Barbed Wire Baseball: How One Man Brought Hope To The Japanese Internment Camps Of Wwii

byMarissa MossIllustratorYuko Shimizu

March 8, 2016|
Barbed Wire Baseball: How One Man Brought Hope To The Japanese Internment Camps Of Wwii by Marissa Moss
$12.95
Paperback
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1% of net proceeds from this book helps children in high-needs communities through the Indigo Love of Reading Foundation
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A true story set in a Japanese-American internment camp in World War II. As a young boy, Kenichi Zenimura (Zeni) wanted to be a baseball player, even though everyone told him he was too small. He grew up to become a successful athlete, playing with Babe Ruth and Lou Gehrig. But when the Japanese attacked Pearl Harbor in 1941, Zeni and his family were sent to one of several internment camps established in the U.S. for people of Japanese ancestry. Zeni brought the game of baseball to the camp, along with a sense of hope, and became known as the “Father of Japanese-American Baseball.”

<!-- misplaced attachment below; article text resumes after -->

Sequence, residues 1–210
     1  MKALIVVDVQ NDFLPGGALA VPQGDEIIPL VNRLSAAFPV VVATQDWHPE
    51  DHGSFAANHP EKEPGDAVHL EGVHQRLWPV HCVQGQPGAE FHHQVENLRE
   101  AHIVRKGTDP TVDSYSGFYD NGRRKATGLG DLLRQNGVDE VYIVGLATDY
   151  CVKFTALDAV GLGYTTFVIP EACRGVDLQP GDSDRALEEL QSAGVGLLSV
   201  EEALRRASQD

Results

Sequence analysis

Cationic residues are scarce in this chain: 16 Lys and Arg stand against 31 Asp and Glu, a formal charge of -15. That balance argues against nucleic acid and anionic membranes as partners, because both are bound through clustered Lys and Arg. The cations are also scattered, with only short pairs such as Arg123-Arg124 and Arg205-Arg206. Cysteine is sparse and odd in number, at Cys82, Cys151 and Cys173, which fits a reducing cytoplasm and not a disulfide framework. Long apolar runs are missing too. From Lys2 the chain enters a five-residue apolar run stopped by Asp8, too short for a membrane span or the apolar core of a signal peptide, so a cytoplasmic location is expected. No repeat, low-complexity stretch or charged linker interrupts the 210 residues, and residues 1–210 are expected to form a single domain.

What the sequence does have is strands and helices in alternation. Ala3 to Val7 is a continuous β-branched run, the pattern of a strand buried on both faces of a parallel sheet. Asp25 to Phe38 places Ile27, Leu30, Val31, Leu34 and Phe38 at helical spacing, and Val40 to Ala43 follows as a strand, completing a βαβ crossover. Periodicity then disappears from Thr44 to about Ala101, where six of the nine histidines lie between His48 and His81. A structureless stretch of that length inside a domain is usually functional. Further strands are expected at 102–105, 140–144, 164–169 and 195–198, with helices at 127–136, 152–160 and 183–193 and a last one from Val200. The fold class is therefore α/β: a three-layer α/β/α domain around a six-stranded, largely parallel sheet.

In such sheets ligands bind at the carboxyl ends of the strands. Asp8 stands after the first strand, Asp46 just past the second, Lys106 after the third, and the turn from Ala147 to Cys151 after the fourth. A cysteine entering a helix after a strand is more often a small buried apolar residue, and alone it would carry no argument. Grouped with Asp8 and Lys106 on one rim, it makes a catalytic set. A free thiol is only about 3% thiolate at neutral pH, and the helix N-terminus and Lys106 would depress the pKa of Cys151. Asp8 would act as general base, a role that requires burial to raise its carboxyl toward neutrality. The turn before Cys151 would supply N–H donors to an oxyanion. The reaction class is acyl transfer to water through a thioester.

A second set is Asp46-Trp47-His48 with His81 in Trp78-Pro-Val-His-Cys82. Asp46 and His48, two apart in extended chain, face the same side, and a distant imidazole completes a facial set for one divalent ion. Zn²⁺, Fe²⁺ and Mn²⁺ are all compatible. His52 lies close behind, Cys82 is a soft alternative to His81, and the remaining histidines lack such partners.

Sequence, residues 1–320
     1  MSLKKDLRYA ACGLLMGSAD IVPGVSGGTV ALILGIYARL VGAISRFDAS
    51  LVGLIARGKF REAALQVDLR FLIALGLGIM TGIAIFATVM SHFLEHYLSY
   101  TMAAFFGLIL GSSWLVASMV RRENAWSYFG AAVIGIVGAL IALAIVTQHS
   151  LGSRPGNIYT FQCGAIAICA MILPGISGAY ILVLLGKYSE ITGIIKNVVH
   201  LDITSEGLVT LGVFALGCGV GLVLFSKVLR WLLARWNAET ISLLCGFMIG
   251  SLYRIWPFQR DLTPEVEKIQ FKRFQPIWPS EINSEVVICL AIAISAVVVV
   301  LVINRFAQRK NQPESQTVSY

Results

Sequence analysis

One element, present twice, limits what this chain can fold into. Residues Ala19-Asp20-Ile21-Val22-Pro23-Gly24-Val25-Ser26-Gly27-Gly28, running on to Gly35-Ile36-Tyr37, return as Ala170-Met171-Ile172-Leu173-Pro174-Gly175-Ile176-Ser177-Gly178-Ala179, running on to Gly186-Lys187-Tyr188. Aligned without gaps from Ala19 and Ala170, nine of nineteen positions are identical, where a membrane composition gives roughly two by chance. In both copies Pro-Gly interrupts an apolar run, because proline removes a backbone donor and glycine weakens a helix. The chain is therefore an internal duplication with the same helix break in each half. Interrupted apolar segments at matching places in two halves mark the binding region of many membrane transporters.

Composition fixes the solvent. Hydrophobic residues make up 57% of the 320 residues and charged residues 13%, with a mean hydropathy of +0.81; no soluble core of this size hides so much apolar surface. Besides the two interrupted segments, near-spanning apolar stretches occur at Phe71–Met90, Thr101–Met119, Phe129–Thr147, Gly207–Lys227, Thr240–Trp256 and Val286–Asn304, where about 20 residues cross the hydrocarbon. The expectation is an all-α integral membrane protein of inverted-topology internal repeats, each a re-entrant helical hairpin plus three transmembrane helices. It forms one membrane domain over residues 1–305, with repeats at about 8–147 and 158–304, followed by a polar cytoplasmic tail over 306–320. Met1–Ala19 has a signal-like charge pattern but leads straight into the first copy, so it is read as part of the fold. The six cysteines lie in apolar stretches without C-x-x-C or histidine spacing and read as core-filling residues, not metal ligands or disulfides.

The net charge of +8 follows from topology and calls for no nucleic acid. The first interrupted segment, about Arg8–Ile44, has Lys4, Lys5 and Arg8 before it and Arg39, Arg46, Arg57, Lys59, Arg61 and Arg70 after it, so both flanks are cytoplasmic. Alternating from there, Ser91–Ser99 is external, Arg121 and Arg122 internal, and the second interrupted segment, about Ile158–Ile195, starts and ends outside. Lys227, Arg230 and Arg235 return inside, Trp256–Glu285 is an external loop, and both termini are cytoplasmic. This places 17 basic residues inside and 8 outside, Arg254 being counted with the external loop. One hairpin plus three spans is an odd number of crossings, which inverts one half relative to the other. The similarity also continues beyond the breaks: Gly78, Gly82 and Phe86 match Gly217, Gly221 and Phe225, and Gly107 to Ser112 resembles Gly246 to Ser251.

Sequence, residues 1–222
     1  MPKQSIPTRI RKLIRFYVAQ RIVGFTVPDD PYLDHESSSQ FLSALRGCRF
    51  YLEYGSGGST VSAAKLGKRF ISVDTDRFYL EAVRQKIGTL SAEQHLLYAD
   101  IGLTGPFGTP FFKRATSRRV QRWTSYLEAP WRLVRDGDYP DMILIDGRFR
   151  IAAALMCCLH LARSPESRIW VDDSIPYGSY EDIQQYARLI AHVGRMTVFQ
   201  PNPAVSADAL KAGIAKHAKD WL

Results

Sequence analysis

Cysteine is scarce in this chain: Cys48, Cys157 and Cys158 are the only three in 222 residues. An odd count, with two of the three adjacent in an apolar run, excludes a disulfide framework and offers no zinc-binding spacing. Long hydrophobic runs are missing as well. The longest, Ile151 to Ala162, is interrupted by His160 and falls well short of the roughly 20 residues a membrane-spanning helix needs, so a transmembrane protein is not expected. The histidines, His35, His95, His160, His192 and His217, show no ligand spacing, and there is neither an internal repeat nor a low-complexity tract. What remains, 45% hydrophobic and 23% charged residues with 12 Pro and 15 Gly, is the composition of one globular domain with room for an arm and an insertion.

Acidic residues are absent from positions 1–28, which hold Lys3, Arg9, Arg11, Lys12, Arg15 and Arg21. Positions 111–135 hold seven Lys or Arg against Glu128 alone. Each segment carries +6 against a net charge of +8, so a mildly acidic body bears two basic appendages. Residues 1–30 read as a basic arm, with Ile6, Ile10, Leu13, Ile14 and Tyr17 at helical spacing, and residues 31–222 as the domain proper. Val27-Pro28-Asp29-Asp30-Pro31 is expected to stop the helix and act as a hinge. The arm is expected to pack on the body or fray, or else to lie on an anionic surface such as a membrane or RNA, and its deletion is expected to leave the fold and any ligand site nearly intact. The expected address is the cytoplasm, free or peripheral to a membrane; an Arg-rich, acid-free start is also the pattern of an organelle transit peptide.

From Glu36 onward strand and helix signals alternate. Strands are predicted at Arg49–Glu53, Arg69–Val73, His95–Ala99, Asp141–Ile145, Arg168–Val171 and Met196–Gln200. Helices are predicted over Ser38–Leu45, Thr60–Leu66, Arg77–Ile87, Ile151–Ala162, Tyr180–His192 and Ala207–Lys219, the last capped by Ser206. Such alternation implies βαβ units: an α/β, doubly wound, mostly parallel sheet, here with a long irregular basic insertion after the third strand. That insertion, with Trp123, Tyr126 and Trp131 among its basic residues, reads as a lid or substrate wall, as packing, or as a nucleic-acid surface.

Marissa Moss has written and illustrated many books for children, including the popular Amelia’s Notebook series, as well as Nurse, Soldier, Spy and A Soldier’s Secret. She lives in Berkeley, California. marissamoss.com.Yuko Shimizu is an illustrator and comics artist best known for the cover of the graphic-novel adapt...
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Title:Barbed Wire Baseball: How One Man Brought Hope To The Japanese Internment Camps Of Wwii
Format:Paperback
Product dimensions:48 pages, 11 X 9.05 X 0.3 in
Shipping dimensions:48 pages, 11 X 9.05 X 0.3 in
Published:March 8, 2016
Publisher:Harry N. Abrams
Language:English
Appropriate for ages:6
ISBN - 13:9781419720581

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